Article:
For D.C.'s few tea party residents, home can at times feel like enemy territory

Ben Tessler, co-founder of the National Capital Tea Party Patriots, says his activism has cost him two friendships.
Ben Tessler, co-founder of the National Capital Tea Party Patriots, says his activism has cost him two friendships. (Nikki Kahn)
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By Steve Hendrix
Sunday, February 13, 2011

Barbara Schauer fits right in with the other coffee-sipping urbanites at the Kramerbooks cafe in Dupont Circle. She lives in a Logan Circle condo, dines out regularly with gay friends and walks her two dogs along the sidewalks of a city she loves. Like most of her neighbors, she supports abortion rights. And she's an environmentalist.

But one thing sets her apart.

"I'm a member of the Washington D.C. Tea Party," Schauer replied with a smile when a man at the next table asked what she was discussing with such enthusiasm.

His own smile froze. "Oh," he said, finally.

And what did he think of the tea party?

"Not very much," he said, gathering his things and walking away. "Sorry."

"That's what I always get," Schauer said. "Very dismissive."

To be a tea party enthusiast in the District means being treated as an oddity, both by other Washingtonians and by other tea party members. At several rallies Schauer has attended on the Mall, the surprise worked the other way. "You live here?" the out-of-town activists asked her.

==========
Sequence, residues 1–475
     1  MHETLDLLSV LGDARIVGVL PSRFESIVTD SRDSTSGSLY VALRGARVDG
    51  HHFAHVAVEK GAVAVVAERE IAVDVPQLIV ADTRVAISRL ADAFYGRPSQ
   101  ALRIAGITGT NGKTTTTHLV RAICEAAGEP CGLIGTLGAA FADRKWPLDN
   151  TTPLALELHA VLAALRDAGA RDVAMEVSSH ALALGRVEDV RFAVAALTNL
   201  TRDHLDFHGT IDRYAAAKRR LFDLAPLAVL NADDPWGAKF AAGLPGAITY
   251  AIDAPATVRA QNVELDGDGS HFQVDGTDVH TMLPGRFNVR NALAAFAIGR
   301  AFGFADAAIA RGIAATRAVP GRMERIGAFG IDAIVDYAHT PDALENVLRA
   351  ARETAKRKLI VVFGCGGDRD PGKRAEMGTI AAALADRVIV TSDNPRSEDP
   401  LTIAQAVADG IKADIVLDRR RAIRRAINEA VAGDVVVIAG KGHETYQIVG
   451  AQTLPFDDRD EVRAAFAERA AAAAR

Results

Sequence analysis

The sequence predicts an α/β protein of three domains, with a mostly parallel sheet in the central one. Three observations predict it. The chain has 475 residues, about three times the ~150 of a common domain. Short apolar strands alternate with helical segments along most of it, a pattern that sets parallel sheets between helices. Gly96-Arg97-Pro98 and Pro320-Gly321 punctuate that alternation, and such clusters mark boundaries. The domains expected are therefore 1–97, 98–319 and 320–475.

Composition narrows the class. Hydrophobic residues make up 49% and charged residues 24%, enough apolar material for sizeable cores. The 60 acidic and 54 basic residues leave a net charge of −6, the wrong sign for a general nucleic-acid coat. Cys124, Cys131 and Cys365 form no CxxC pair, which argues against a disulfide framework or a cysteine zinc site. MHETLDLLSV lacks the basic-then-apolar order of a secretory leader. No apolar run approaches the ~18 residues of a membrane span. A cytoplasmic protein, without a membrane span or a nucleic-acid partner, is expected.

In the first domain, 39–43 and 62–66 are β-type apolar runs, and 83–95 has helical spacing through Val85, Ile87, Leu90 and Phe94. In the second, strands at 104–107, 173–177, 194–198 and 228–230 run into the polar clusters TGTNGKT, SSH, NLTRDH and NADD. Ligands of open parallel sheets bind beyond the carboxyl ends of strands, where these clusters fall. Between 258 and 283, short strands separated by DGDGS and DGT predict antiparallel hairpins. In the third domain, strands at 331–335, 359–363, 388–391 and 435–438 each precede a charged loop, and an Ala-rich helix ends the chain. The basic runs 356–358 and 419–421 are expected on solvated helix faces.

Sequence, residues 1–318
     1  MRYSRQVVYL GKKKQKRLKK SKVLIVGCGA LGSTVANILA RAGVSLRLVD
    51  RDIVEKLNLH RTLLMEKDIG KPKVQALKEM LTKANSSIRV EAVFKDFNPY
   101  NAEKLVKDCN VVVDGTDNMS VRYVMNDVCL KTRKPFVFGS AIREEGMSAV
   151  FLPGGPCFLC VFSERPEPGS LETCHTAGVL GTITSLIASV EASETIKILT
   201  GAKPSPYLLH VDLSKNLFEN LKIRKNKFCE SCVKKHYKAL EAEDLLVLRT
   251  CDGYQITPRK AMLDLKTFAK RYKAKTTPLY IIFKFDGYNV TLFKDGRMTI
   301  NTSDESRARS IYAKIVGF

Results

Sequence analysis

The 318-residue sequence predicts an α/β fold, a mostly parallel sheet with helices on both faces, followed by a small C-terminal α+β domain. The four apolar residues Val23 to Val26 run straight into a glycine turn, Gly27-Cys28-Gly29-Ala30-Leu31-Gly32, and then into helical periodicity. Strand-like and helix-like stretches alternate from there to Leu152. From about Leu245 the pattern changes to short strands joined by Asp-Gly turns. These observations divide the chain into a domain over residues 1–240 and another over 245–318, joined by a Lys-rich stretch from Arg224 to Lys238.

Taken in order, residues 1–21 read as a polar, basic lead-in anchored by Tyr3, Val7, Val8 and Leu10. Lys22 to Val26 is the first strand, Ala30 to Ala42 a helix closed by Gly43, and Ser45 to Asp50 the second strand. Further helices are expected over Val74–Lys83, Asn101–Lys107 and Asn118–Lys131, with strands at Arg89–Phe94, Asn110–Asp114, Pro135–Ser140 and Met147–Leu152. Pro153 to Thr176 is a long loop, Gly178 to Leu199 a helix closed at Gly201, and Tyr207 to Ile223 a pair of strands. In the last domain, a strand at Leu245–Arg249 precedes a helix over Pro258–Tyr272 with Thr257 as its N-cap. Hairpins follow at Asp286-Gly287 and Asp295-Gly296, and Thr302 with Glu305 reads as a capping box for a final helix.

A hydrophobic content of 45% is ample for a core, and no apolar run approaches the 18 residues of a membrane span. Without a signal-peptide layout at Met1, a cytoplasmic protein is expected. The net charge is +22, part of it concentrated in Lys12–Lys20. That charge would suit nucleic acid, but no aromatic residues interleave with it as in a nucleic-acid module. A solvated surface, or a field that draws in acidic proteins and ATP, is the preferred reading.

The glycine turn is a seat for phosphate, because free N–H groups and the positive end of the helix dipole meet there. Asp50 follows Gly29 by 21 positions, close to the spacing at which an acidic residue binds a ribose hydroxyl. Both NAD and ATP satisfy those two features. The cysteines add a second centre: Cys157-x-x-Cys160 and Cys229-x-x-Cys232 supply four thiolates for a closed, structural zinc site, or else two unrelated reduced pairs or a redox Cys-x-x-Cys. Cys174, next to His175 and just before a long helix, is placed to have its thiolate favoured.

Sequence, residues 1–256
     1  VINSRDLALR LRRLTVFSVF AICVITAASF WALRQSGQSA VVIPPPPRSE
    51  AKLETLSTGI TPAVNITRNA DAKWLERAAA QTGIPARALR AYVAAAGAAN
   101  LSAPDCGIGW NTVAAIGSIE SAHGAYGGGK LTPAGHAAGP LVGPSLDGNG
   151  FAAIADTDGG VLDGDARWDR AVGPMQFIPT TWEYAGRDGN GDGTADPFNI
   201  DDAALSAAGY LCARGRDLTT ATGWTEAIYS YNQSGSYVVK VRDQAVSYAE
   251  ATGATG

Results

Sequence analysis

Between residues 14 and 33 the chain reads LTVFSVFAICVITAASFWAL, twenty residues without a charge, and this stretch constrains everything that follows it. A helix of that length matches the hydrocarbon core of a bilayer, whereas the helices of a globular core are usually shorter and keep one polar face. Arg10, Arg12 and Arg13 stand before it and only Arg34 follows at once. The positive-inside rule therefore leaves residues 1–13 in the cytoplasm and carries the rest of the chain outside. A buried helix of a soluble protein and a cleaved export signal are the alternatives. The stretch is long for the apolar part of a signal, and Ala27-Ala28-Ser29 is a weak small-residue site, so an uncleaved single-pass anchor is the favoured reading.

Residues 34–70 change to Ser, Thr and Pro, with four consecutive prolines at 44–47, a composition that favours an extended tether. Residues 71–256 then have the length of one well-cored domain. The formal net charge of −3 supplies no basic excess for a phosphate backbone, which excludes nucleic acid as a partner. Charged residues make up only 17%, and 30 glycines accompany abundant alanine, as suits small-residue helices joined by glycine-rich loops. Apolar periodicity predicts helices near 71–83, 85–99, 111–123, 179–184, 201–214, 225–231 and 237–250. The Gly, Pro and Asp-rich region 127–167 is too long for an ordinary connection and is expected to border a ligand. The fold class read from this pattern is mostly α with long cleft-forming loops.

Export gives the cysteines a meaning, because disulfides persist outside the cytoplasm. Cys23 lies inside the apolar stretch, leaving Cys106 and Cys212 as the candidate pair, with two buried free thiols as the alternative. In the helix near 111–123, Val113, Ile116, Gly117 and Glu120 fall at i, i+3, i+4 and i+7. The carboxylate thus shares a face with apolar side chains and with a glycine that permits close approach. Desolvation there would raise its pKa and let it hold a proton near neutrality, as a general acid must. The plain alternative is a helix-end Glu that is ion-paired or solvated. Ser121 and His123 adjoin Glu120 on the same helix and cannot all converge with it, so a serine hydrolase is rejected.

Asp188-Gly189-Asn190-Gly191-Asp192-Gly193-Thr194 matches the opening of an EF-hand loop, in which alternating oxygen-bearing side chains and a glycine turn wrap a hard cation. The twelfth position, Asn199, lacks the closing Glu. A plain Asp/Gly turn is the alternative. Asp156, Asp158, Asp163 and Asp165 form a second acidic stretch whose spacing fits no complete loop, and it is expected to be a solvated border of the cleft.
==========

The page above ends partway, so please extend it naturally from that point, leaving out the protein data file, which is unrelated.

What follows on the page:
"They look at me suspiciously, like I'm an infiltrator," she said. "I tell them D.C. is a great place to live. I feel like the D.C. welcome wagon."

To many of the thousands of tea party activists in Washington this weekend for the annual Conservative Political Action Conference, the District is the root of the problem, home to an out-of-control federal government and the bloated ranks of civil servants who staff it. But it is also home to a few of their fellow faithful. A very few.

Ben Tessler, a Wesley Heights real estate agent who co-founded the National Capital Tea Party Patriots, said he knows of maybe 30 District residents who are active with tea party causes, not counting professional organizers and congressional staffers. His group, which has been around for more than a year, used to meet at a Georgetown hotel but now gathers each month at a swim club in Bethesda, just outside the Capital Beltway. "It's cheaper," Tessler said.

The chapter Schauer signed up with last year, the Washington D.C. Tea Party, has more than 200 members, but only a handful of them live in the District. Many hail from Virginia or Maryland, but most are group leaders from other parts of the country. The chapter was founded by Tom Whitmore, a retired cabinet builder from Manassas, mainly to support other tea partyers when they travel to the nation's capital. They meet the buses, put up volunteers, help nervous outsiders navigate the city.

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